Optimism as Greek economy grows, unemployment drops: OECD


The Organisation for Economic and Cooperation and Development (OECD) announced on Monday projected growth for the Greek economy by 2.3% in 2018.

According to the OECD, private consumption and investment will lead the recovery whilst exports are expected to increase due to external demands whilst a primary surplus of 2.2% of GDP is expected this year.

“Reduced uncertainty over public finances led to an increase in the country’s credit rating and lower spreads on state debt, allowing the government to issue its first bond after three years” said the OECD.

Optimism is also expressed in the unemployment rate with the report suggesting a projected fall to  to 20.5 % in 2018 and to 19.5% of the workforce in 2019, from 21.7 % this year and 23.5 % in 2016.

“Surplus productive capacity is falling but remains extremely high, limiting pressures on prices and wages,” the organisation said. The OECD said it expected the Greek inflation rate (harmonised consumer price index) to rise to 1.2 % this year, slowing to 1.0 %in 2018 and rising again to 1.2%in 2019, while the country’s current account balance is expected to show a surplus of 0.4 % of GDP this year and in 2018 and a surplus of 0.1 % of GDP in 2019.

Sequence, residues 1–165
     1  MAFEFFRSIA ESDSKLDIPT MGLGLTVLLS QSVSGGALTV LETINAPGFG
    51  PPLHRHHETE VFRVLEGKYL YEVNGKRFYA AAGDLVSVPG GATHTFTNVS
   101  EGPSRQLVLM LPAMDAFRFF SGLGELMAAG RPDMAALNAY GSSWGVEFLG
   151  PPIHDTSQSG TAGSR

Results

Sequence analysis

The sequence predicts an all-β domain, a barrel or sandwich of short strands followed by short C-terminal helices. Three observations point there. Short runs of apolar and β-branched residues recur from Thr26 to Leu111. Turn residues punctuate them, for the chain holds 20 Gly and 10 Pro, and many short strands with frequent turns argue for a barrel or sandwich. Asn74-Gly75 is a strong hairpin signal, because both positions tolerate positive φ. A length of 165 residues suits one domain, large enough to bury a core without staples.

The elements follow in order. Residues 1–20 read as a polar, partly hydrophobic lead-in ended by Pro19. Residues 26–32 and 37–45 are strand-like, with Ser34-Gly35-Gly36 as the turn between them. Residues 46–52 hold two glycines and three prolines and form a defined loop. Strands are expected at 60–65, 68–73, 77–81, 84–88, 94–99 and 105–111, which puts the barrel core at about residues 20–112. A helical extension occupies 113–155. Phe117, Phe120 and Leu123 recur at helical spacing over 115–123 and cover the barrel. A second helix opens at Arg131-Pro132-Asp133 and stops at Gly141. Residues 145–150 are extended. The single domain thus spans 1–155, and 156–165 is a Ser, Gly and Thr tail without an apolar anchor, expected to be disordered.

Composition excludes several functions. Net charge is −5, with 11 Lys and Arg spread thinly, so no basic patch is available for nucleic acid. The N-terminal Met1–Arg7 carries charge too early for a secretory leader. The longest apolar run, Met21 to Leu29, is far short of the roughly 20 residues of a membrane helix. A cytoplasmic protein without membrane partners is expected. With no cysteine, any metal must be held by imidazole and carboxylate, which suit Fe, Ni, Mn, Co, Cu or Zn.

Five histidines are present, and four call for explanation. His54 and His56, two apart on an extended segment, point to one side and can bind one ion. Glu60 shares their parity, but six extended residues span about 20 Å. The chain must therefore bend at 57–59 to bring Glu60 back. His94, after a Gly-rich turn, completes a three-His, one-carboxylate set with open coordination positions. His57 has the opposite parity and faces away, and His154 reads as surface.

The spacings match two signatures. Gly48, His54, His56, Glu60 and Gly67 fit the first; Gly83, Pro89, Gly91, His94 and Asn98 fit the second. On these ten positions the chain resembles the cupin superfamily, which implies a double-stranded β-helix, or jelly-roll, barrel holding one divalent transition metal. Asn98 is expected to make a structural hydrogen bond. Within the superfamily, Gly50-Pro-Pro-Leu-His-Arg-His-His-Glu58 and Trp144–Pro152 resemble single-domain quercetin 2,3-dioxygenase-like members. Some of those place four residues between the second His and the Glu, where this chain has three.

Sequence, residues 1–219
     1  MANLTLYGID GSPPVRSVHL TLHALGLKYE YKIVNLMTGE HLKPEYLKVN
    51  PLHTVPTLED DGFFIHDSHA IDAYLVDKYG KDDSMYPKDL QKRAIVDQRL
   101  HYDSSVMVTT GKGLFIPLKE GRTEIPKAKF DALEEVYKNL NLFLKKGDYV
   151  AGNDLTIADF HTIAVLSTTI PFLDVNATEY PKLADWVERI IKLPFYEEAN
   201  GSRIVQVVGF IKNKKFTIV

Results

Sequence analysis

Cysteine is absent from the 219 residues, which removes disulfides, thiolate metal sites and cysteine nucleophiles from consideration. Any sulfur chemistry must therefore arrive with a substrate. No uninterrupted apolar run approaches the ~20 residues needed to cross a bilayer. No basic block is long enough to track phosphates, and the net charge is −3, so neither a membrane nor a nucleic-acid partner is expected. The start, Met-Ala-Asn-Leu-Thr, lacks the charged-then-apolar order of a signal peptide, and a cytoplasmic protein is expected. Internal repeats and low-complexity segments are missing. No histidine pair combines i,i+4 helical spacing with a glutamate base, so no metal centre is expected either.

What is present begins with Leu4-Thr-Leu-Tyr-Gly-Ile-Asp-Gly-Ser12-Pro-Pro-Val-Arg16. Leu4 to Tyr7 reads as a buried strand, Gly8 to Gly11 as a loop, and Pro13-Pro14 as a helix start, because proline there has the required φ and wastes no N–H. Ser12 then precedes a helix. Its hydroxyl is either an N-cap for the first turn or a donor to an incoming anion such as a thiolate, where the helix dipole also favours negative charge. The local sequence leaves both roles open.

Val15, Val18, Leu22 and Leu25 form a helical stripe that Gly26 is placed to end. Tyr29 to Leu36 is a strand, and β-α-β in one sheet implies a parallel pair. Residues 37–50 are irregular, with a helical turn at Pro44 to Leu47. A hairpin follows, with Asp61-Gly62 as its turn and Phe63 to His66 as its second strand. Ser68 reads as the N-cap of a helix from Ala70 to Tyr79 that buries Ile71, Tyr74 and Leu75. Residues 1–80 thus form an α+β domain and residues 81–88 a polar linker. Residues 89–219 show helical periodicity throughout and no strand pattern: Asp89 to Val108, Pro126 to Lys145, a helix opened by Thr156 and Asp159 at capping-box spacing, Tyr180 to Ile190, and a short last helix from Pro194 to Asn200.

The budget surplus is on track to exceed the 2017 target, through improved tax compliance and restrained expenditure, the Paris-based organisation said, adding that further progress is needed in addressing tax arrears. Reducing high levels of poverty, especially among young people, remains urgent.

Greece’s high public debt and banks’ large stock of non-performing loans (NPLs) are sources of financial vulnerabilities, the OECD said. It noted that putting public debt on a stable downward path will require sustained reforms to boost potential output and additional debt restructuring. Banks’ large stock of NPLs adds to risks and limits banks’ lending. Gradually curing and disposing of NPLs while ensuring banks retain sufficient capital buffers is a priority.

Lastly, public debt is expected to fall to 177.9 % of GDP this year from 180.8 % in 2016, falling further to 172.8 %in 2018 and 169.3% in 2019.